In this issue

Jonathan Tobin: Defending the Right to a Jewish State

Heather Hale: Compliment your kids without giving them big heads

Megan Shauri: 10 ways you are ruining your own happiness

Carolyn Bigda: 8 Best Dividend Stocks for 2015

Kiplinger's Personal Finance editors: 7 Things You Didn't Know About Paying Off Student Loans

Samantha Olson: The Crucial Mistake 55% Of Parents Are Making At Their Baby's Bedtime

Densie Well, Ph.D., R.D. Open your eyes to yellow vegetables

The Kosher Gourmet by Megan Gordon With its colorful cache of purples and oranges and reds, COLLARD GREEN SLAW is a marvelous mood booster --- not to mention just downright delish
April 18, 2014

Rabbi Yonason Goldson: Clarifying one of the greatest philosophical conundrums in theology

Caroline B. Glick: The disappearance of US will

Megan Wallgren: 10 things I've learned from my teenagers

Lizette Borreli: Green Tea Boosts Brain Power, May Help Treat Dementia

John Ericson: Trying hard to be 'positive' but never succeeding? Blame Your Brain

The Kosher Gourmet by Julie Rothman Almondy, flourless torta del re (Italian king's cake), has royal roots, is simple to make, . . . but devour it because it's simply delicious

April 14, 2014

Rabbi Dr Naftali Brawer: Passover frees us from the tyranny of time

Greg Crosby: Passing Over Religion

Eric Schulzke: First degree: How America really recovered from a murder epidemic

Georgia Lee: When love is not enough: Teaching your kids about the realities of adult relationships

Cameron Huddleston: Freebies for Your Lawn and Garden

Gordon Pape: How you can tell if your financial adviser is setting you up for potential ruin

Dana Dovey: Up to 500,000 people die each year from hepatitis C-related liver disease. New Treatment Has Over 90% Success Rate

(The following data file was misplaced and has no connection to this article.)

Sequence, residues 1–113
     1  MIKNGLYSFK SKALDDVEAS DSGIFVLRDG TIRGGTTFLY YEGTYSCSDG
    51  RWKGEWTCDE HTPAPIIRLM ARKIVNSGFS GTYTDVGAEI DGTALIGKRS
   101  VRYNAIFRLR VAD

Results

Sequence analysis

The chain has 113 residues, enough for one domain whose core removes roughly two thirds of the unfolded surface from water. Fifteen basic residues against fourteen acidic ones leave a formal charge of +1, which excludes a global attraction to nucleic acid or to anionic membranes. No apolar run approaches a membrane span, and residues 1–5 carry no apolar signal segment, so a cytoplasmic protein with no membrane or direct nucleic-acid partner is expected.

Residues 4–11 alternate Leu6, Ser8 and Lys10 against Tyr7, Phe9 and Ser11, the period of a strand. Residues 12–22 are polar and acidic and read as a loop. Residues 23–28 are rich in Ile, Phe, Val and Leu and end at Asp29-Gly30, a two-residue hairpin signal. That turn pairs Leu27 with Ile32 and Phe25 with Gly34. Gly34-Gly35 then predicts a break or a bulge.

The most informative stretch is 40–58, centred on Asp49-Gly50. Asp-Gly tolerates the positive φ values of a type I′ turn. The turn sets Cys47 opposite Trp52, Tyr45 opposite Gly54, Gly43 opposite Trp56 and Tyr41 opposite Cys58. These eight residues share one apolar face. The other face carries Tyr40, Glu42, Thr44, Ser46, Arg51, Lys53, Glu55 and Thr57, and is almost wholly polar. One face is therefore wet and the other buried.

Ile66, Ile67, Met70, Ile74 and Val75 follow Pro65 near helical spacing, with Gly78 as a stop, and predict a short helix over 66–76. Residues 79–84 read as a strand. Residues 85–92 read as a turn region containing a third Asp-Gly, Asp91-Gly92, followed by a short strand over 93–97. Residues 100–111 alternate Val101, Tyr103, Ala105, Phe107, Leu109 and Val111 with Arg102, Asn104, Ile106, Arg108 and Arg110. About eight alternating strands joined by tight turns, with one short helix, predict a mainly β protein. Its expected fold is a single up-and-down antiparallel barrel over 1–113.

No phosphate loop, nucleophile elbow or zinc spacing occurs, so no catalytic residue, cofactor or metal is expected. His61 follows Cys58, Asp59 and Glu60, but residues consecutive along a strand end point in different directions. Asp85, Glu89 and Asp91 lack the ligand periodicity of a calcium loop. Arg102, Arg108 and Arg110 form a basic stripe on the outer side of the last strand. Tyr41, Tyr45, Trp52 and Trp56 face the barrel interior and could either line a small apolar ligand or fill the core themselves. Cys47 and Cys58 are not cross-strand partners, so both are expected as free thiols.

Justin Caba: Eating Watermelon Can Help Control High Blood Pressure

The Kosher Gourmet by Joshua E. London and Lou Marmon Don't dare pass over these Pesach picks for Manischewitz!

April 11, 2014

Rabbi Hillel Goldberg: Silence is much more than golden

Caroline B. Glick: Forgetting freedom at Passover

Susan Swann: How to value a child for who he is, not just what he does

Cameron Huddleston: 7 Financial Tasks You Should Tackle Right Now

Sandra Block and Lisa Gerstner: How to Profit From Your Passion

Susan Scutti: A Simple Blood Test Might Soon Diagnose Cancer

Chris Weller: Have A Slow Metabolism? Let Science Speed It Up For You

The Kosher Gourmet by Diane Rossen Worthington Whitefish Terrine: A French take on gefilte fish

April 9, 2014

Jonathan Tobin: Why Did Kerry Lie About Israeli Blame?

Samuel G. Freedman: A resolution 70 years later for a father's unsettling legacy of ashes from Dachau

Jessica Ivins: A resolution 70 years later for a father's unsettling legacy of ashes from Dachau

Kim Giles: Asking for help is not weakness

Kathy Kristof and Barbara Hoch Marcus: 7 Great Growth Israeli Stocks

Matthew Mientka: How Beans, Peas, And Chickpeas Cleanse Bad Cholesterol and Lowers Risk of Heart Disease